Plan Sponsor Alert: Digital Assets’ Potential Benefits and Risks
By Laura Zindel and Cindy Sandomenico
Digital assets such as cryptocurrencies and non-fungible tokens (NFTs) are growing and disrupting the way consumers and businesses pay, bank, and invest. A recent survey by Capitalize found that 60 percent of respondents would like a cryptocurrency investment option in their 401(k) plans. Several service providers, including Fidelity, have responded to that request by offering 401(k) participants direct but limited cryptocurrency investment options. Meanwhile, earlier this year, the Department of Labor (DOL) issued a stern warning about cryptocurrencies in 401(k) accounts.
To help plan sponsors better understand digital assets and evaluate whether plan offerings focused on digital assets are a potential fit for their organization, we are sharing a series of articles about the asset class and recent regulatory developments, including the Biden administration’s comprehensive plan for responsible development of digital assets. This first article in the series examines how the federal government is assessing the benefits and risks that cryptocurrencies pose to consumers, investors, and businesses.
White House calls for research on digital assets
In March 2022, the Biden administration issued an executive order calling for the federal government to report its findings on the risks and benefits of cryptocurrencies and other digital assets. For six months, various agencies conducted research and offered recommendations for responsibly developing the U.S. digital asset industry. The result of this work was a fact sheet that was released in September and outlined six main concepts for the development of responsible digital assets nationally and globally: consumer and investor protection; promoting financial stability; countering illicit finance; U.S. leadership in the global financial system and economic competitiveness; financial inclusion; and responsible innovation.
Protecting consumers, investors, and businesses
The U.S. government believes that without a solid framework of rules and regulations for digital assets, innovations in this sector could be harmful to consumers, investors, and businesses. In response to the White House calling for research on digital assets, several federal agencies issued reports addressing the potential benefits and challenges in protecting Americans from some of the potential risks posed by digital assets.
The Treasury Department’s report noted that about 12% of Americans own some form of digital asset. While the number of people holding these assets has grown, the volume of fraud and other scams has increased as well. The Federal Trade Commission (FTC) reported that more than 46,000 incidents of cryptocurrency-related fraud occurred between January 1, 2021, and March 31, 2022, valued at more than $1 billion.
The Treasury Department’s report made four main recommendations:
- Expand regulatory oversight: Regulators including the Securities and Exchange Commission (SEC) and Commodity Futures Trading Commission (CFTC) should expand and increase investigations and enforcement related to digital assets, especially regarding potential misrepresentations made to consumers. Agencies also should increase their coordination of enforcement efforts between agencies as such efforts have been effective in shutting down fraudulent actions.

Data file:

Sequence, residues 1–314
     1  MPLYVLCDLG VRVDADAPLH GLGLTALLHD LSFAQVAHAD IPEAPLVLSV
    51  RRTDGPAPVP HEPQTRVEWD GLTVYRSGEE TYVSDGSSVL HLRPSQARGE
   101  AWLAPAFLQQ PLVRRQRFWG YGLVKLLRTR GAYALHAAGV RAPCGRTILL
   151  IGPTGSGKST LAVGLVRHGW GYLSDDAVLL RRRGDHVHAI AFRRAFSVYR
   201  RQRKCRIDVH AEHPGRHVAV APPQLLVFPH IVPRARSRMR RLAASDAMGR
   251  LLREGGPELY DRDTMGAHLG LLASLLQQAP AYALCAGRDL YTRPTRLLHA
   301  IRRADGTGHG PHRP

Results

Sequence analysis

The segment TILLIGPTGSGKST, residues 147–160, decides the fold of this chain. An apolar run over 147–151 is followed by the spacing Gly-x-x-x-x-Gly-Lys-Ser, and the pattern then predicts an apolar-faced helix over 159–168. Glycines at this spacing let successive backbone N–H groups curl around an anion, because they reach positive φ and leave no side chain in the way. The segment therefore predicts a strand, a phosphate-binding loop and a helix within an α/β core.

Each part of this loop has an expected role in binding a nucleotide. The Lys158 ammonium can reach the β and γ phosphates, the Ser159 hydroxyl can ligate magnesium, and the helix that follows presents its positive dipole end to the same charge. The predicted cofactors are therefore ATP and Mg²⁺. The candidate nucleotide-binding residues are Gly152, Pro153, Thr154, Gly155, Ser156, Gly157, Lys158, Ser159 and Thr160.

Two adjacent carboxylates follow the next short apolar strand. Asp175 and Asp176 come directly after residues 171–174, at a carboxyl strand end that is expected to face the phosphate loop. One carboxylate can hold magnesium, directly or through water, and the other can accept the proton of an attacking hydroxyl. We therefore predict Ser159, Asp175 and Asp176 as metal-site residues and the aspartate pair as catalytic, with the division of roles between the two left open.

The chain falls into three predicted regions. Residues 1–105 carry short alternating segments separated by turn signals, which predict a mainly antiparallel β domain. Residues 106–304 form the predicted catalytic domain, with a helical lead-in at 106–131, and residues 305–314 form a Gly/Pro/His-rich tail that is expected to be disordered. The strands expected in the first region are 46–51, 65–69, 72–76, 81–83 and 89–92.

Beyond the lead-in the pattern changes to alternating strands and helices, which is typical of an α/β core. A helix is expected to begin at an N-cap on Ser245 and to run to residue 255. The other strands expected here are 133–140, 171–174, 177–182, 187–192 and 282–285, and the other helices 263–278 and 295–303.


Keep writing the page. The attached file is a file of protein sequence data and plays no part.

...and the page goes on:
- Increase focus on scams and aggressive marketing: Online activities like gaming and entertainment are havens for scams, the Consumer Financial Protection Bureau (CFPB) and FTC should expand investigations into consumer complaints. The Department of Labor should also ensure that 401(k) plans and participants are protected from aggressive marketing, conflicts of interest, and bad-faith cryptocurrency investments.
- Encourage cross-collaboration between agencies: While several regulatory agencies have issued guidance to deal with increasing cryptocurrency issues, the Treasury Department would like to see more cross-collaboration among agencies to create more comprehensive oversight. Building a more connected, cross-agency response is critical to promote safety and reduce consumer, investor, and business confusion as well as the potential for fraud.
- Educate consumers on digital assets: Through its website MyMoney.gov, the Financial Literacy and Education Commission (FLEC) has taken the lead on educating consumers, investors, and businesses on financial issues. Now the FLEC will educate the public on common digital asset risks and scams and ways to report abuse. FLEC member agencies will also review the lack of information available to more vulnerable groups to help better understand the risks and opportunities they face. Lastly, the FLEC will engage with industry experts and academics to promote and coordinate public/private partnerships for financial education outreach.
Insight: Take a long-term approach to digital assets
Financial advisors often encourage investors to focus on the long-term and avoid trying to time the market with their 401(k) investments. Similarly, plan sponsors may want to take a long‑term perspective regarding their own approach to digital assets. Given today’s massive surge in the variety and scope of digital assets, plan sponsors should seek to understand their role in the financial landscape before rushing to implement changes.
Cindy Sandomenico, EBP, Employee Benefit Plans, Laura Zindel